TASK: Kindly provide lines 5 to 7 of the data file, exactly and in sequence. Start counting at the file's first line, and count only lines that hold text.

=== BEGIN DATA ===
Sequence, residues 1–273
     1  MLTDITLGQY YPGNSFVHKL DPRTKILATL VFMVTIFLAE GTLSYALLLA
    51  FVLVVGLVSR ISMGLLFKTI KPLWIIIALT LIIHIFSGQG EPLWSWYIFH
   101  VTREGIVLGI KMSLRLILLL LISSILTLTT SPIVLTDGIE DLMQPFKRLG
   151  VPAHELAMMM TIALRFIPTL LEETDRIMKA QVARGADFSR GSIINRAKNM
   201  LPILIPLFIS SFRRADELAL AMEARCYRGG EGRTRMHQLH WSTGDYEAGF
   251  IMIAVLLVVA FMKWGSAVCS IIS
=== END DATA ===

   151  VPAHELAMMM TIALRFIPTL LEETDRIMKA QVARGADFSR GSIINRAKNM
   201  LPILIPLFIS SFRRADELAL AMEARCYRGG EGRTRMHQLH WSTGDYEAGF
   251  IMIAVLLVVA FMKWGSAVCS IIS